On “Came Here To Forget,” a song off Blake Shelton’s 10th studio album, two spurned lovers meet in a bar. Bonding on rejection, they spark their own pained romance, vowing to “drink till we can’t remember what we came here to forget.” On the following song, “Every Goodbye,” two losers-in-love collide in the another watering hole, where one tells the other, “You can be my heartbreak medicine/Proof that even dark clouds have a silver lining.”
It doesn’t take a CSI detective to figure out who these songs, along with many others on Shelton’s If I’m Honest, are about. They are chronicles of his relationship with fellow Voice judge Gwen Stefani, a connection famously forged in the wake of symmetrical breakups: he from Miranda Lambert, she from Gavin Rossdale.
Should anyone miss the album’s gossipy framing, Shelton and Stefani co-wrote, and co-sing, a song titled “Go Ahead and Break My Heart,” which offers a simultaneous spit-in-the-face and cri de couer to their exes.
It’s interesting that more songs on Honest express either anger about—or pining for—a vanished lover rather than celebrating the discovery of a new one. But the search for solace underscores it all, from the commitment-seeking “One Night Girl” to what could be Shelton’s first overtly religious ode, “Savior’s Shadow.”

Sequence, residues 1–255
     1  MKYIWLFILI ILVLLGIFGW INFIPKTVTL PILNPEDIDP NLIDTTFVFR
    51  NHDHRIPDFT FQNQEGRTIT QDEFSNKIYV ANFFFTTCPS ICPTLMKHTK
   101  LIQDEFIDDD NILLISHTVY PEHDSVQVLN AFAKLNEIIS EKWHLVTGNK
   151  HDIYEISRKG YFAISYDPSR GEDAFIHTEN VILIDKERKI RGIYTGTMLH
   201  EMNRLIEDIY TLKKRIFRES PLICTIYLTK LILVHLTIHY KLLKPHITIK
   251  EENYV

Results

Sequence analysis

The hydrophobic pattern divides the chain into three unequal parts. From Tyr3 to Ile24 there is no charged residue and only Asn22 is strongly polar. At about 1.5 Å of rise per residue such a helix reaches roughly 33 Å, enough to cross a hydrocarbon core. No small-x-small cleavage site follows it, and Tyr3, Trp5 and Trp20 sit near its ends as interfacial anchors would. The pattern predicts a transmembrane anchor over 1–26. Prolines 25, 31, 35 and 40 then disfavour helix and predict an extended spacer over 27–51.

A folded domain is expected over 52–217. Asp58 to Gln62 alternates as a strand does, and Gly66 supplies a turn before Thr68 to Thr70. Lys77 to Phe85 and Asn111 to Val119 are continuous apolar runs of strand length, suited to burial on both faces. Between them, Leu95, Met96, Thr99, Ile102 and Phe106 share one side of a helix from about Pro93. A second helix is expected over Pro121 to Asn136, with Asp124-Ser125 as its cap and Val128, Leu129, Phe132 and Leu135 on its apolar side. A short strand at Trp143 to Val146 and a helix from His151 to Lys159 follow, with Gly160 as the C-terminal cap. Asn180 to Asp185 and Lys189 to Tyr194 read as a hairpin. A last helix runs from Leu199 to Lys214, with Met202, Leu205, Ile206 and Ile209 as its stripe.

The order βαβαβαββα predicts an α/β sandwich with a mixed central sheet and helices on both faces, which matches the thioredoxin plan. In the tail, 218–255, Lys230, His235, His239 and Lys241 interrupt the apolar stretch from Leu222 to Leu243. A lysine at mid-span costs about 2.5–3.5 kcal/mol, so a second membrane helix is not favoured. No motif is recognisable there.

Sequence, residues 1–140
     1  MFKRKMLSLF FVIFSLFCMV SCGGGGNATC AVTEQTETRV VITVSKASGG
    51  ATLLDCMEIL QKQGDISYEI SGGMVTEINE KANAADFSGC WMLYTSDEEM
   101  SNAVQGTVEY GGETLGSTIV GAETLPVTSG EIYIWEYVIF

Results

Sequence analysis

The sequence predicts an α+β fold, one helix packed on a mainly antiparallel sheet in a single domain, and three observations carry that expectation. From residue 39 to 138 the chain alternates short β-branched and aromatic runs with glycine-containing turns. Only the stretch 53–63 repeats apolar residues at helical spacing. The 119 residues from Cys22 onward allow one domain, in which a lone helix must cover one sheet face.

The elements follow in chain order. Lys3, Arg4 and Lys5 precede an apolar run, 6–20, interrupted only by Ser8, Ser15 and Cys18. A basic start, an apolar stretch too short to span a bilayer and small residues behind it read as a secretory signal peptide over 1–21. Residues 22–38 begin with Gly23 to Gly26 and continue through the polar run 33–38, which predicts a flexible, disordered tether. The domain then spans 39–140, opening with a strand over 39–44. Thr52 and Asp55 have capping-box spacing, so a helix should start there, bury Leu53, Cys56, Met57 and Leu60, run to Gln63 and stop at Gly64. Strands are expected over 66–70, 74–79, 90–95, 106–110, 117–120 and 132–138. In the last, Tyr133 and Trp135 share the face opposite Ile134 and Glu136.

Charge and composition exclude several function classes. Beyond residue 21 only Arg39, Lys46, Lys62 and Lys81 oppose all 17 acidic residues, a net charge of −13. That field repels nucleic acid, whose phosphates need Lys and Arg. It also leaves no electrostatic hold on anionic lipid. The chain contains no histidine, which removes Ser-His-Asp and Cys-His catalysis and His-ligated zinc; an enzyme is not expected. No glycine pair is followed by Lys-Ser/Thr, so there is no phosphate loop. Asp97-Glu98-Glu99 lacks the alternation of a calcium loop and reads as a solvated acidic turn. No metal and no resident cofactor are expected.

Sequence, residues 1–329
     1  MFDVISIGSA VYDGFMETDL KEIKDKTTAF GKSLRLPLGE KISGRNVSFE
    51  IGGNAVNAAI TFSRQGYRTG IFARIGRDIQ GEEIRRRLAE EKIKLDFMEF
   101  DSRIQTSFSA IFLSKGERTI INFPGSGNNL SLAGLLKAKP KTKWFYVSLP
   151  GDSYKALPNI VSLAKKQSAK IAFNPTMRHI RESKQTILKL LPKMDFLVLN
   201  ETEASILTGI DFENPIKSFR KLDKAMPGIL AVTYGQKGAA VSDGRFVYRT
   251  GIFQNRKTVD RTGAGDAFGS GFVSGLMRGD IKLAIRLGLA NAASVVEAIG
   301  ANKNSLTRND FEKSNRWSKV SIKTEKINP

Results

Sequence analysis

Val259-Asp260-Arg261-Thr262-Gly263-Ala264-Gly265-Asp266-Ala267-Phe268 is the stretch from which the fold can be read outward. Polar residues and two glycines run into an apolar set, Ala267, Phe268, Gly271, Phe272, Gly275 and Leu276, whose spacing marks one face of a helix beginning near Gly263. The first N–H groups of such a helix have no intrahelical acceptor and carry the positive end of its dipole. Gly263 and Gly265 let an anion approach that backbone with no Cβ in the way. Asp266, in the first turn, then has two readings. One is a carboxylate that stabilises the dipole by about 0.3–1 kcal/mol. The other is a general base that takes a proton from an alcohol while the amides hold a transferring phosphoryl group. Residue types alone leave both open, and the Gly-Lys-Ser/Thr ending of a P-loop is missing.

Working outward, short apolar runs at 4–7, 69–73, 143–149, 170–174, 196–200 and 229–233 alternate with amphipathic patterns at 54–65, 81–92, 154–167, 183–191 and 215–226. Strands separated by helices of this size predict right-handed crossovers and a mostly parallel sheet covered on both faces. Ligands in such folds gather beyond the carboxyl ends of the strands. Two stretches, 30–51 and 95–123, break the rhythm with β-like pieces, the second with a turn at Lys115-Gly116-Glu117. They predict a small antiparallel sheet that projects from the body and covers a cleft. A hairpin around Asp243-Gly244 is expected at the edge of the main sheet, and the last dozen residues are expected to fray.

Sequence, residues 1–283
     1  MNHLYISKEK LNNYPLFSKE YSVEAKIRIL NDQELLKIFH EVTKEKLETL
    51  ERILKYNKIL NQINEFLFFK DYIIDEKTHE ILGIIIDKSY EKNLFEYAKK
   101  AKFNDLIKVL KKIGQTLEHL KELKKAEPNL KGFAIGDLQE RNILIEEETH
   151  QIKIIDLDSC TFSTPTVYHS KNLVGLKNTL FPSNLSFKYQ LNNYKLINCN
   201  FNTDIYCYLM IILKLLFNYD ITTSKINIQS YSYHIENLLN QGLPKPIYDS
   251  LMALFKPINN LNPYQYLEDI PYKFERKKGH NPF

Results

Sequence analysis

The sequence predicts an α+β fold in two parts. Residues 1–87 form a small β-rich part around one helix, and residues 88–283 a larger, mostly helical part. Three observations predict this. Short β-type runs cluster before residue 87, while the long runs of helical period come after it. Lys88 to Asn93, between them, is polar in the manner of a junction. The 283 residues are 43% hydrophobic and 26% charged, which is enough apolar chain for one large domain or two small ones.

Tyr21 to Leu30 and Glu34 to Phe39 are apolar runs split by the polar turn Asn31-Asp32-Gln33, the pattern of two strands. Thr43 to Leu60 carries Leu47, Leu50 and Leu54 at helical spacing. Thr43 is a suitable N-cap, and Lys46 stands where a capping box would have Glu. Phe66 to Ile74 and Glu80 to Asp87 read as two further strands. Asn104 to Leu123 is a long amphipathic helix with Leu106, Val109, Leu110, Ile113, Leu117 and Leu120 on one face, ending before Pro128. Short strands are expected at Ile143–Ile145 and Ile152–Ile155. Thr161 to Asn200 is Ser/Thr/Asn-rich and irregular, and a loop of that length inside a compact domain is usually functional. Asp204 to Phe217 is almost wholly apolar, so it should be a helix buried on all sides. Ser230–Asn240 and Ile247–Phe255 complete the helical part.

Together, this makes for the most autobiographical album of Shelton’s career. So why does it end up seeming about as weighty and true as a reality show? For one thing, Shelton’s voice lacks the kind of emotional depth that’d bring a listener to tears. On his duet with Stefani, her ache upstages his from the first phrase. What’s more: the album’s breezy Nashville-pop tunes never strike below the surface. Small wonder the toss-off songs seem more credible. There’s everything from “Straight Outta Beer,” an ode to getting soused, to “Doing It to Country Songs,” where the object of his affection isn’t a person—but Music Row creations every bit as slick as this.